From XIP to Serial to XIP All Over Again
It feels just a little bit like a long arc that may actually be looping back onto its origin. Back to the future. Or perhaps ahead to the past.
Our topic for today is NOR flash memory, the introverted and slightly older twin to the better-known NAND flash that powers all those thumb drives that are spilling out of my drawer. Named for their internal architectures, both memories provide non-volatile storage by means of floating gate charge trapping, but NAND works better for random storage; NOR is more efficient for sequential access.
At least, that’s how the story started.
IP and the World of IoT Edge Devices
How do you dream in IoT? Does the Power Bogey Man burn up your diodes? Does process integration lurk in the shadows? Never fear, my engineering compatriots - help is on the way. In this week’s Fish Fry, we delve into the deep dark secrets of IoT IP. My guest Ron Lowman and I discuss how subsystem re-architecture can keep that Power Bogey Man at bay, what design requirements should be tackled first, and how IP may just be the key to sweet IoT dreams after all.
The Key to Optimizing the Value of Hardware Design and Verification Engineers
The electronics and semiconductor markets have always been very competitive, and the ongoing consolidation trend has raised the stakes even higher. Additionally, significant investments must be made and requirements set well before the first unit ships. This up-front effort contributes significantly to the electronics value chain, where concepts and algorithms are invented and implemented as hardware or software. The hardware side is especially challenging due to its permanency and per-unit variable cost. The task of the hardware engineering team is to implement those concepts and algorithms in competitive and cost-effective silicon and to exhaustively verify that it will function as intended in every scenario.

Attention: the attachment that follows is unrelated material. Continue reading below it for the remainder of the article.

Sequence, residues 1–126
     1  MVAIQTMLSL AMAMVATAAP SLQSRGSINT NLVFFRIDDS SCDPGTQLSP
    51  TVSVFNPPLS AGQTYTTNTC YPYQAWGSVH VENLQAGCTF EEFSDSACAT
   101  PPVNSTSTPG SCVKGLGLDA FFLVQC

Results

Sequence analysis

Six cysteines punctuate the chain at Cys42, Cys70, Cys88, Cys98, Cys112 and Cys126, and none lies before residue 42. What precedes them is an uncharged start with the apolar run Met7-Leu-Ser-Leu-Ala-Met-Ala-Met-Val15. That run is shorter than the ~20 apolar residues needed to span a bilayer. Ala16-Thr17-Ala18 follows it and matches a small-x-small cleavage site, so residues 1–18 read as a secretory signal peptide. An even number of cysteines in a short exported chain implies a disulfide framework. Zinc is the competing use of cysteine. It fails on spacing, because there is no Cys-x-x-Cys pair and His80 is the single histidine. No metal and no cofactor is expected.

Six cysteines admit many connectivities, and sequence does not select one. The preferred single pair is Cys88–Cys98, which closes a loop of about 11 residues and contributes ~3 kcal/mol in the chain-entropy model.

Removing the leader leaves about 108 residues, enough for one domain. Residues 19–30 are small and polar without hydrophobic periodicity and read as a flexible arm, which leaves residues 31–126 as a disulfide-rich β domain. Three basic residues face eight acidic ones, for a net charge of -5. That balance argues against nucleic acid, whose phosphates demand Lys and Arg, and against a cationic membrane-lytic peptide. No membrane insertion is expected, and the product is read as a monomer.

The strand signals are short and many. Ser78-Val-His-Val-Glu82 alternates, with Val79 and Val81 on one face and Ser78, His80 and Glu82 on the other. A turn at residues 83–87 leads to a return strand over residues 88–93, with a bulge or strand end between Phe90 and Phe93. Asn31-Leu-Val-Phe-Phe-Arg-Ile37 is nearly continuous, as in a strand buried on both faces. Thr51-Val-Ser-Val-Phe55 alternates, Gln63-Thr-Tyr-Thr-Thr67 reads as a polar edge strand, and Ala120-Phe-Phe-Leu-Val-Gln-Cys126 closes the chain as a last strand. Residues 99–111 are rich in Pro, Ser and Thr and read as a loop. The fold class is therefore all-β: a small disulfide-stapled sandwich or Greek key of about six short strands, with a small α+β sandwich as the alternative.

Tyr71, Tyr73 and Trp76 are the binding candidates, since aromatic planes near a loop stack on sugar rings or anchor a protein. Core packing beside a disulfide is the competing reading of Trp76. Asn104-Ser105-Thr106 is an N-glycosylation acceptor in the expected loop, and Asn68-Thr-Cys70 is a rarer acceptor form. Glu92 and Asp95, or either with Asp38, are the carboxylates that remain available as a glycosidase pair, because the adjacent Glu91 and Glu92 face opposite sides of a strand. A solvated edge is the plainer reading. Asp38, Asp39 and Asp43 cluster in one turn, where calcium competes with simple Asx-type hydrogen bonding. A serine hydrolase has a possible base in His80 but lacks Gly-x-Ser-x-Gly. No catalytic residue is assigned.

Synopsys Keynote Presentation Highlights Some Strange Trends
“…but there are also unknown unknowns: the ones we don't know we don't know.” – Donald Rumsfeld
Some things we know; some things we don’t know. And sometimes we haven’t got a clue. That’s pretty much how engineering feels to most of us, I think. We’re pretty good at our little specialties, and we know enough to be dangerous about other aspects of engineering, but we’re mostly clueless about marketing, or finance, or art history, or proper cesta technique in jai alai.
So it’s good to get a reality-slap once in a while. You know, to kind of wake us up and rattle our preconceived notions. Nothing dangerous, mind you. Just a recalibration.
Audio Weaver Claims Big Development Savings
One way of looking at the Internet of Things (IoT) is to think of it as endowing machines with human characteristics – in particular with respect to our ability to sense the world. To some extent, past efforts have served to sense things that we’re not so good at sensing precisely ourselves. Like temperature or pressure or orientation.
That helps humans, who can then combine their own senses with machine senses for better decisions. But if we further enable our machines to do what we can do, then we can have the machines do without us. (I know… not so good for jobs…). So cameras and microphones will replace our eyes and ears, playing an increasingly important role as our ability to process their data improves.
A Fish Fry Greatest Hit!
It’s creepy! It’s crawly. It occasionally has scales! It’s Amelia’s Weekly Fish Fry! This week we are celebrating one of the coolest (and one might say, creepiest) scientists, electrical engineers, and visionaries the world has ever seen -- Nikola Tesla. My guest this week is physicist Heidi Baumgartner. She can run a nuclear reactor, she can teach soldering, and most importantly for today’s broadcast, she is one of the founders of OneTesla. Heidi is here to explain exactly how you can build your very own singing Tesla coil, how she became involved with OneTesla, and what it's like to vacation at Chernobyl. Also this week, we check out why 8-bit shouldn’t be thrown out like last year’s Halloween candy.